What can I say? Because this is a polite publication, there will be no expletives in this review. All I can really tell you is to never read this. For the sake of brevity—because this really is a wearisome subject—I will list all the reasons why for you below, dear reader.
This collection should never have been published. Why should McLeod’s travesty never have been published? Well, dear reader, it’s clearly not finished. So why is it on the Internet? I am an understanding person, I would hope to think. An open-minded reader, as it were. I appreciate half-light, sketches, details. This could have been any of them. It’s not: presented as a completed work, there is really no excuse I can make for it.
This is the first collection published by Philistine Press that I have ever read, and on that first introduction alone I decided to boycott them forever. Luckily I read a charming collection by Tom Duckworth next. It restored my faith in humanity.
Form. I’m sure at least someone out there appreciates a good structuring device. There isn’t one here. He doesn’t change from blank verse for the entire collection. A stanza here and there would have been nice, some tongue-in-cheek rhyming, perhaps, some experimentation—some depth, layering, allusion, anything. Call me old fashioned. I’m not talking villanelles, here. I appreciate modern poetry, I do. But surely to break the rules, one must know them first—and judging by this collection, McLeod appears to have never read a poem by someone else in his life. What we have here instead is meandering drivel that mumbles itself out of existence well before the last line of the piece.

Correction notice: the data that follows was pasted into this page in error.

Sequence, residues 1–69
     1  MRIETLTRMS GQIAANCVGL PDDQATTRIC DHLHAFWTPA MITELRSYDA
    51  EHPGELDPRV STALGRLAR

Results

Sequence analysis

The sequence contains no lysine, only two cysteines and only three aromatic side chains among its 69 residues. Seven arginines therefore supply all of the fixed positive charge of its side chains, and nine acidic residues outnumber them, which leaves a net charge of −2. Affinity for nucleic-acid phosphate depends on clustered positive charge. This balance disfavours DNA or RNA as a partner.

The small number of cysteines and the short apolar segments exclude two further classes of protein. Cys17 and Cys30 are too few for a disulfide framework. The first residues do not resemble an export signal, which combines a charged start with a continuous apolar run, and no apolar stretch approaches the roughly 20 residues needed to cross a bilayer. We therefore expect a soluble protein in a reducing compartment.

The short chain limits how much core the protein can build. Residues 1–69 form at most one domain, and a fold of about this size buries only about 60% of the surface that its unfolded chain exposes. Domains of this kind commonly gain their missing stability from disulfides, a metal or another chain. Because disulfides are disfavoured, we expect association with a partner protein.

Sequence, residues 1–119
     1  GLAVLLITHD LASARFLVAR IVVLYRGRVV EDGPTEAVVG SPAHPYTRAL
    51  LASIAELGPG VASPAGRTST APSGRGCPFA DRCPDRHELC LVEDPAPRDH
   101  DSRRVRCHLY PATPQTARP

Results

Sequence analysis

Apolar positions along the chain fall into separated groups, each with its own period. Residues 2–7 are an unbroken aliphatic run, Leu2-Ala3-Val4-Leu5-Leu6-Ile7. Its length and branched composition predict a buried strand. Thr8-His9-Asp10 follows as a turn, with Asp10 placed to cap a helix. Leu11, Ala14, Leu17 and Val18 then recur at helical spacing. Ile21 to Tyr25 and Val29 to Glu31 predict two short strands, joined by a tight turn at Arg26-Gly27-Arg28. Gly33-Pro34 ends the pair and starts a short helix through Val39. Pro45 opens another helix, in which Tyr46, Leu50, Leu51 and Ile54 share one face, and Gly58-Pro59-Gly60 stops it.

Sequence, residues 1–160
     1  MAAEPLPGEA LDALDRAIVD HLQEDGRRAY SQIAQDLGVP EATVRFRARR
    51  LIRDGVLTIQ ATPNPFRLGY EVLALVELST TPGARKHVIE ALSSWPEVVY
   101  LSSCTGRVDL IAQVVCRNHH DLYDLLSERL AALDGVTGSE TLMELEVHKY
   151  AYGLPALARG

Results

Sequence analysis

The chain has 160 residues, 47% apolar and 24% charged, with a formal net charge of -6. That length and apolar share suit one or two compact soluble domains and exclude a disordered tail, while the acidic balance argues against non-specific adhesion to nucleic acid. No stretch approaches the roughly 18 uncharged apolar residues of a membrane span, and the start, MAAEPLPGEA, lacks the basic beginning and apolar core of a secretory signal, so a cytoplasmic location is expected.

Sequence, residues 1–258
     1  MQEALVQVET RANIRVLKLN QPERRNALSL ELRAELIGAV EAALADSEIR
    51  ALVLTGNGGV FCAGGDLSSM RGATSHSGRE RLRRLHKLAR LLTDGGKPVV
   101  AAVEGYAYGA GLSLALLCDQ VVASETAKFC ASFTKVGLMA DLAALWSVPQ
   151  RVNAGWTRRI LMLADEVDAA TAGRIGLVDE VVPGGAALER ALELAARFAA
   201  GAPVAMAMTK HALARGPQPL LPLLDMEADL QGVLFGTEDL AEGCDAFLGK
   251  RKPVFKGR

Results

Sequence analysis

Linguistic tension. There is no muscularity to the sentences: they are flabby, uninspired and no effort appears to have been made to ‘craft’ anything. Isn’t poetry supposed to be about an aspiration to something higher, or a new perspective, at the very least? Case in point:
Is the heart of commerce
Many folk write letters and e-mails
Of support and diligently
Follow the sitcoms
And reality shows
Some punctuation would have been nice.
For the sake of balanced, unbiased criticism, I shall end this review with two things I liked. Two short quotations, included so that I can minimise the mean e-mails I might find in my inbox.
I only liked these two sections because they reminded me of somebody else.
From “At the End of a Line”:
I will borrow your manner
About the weather here
From “Planes, Trains, and Dishpits”:
I’ve been taking planes
every year or so since then
and I still don’t know how to drive
a fucking car
Out of context they make no sense, which surely isn’t a promising sign regarding the immortalisation of this collection.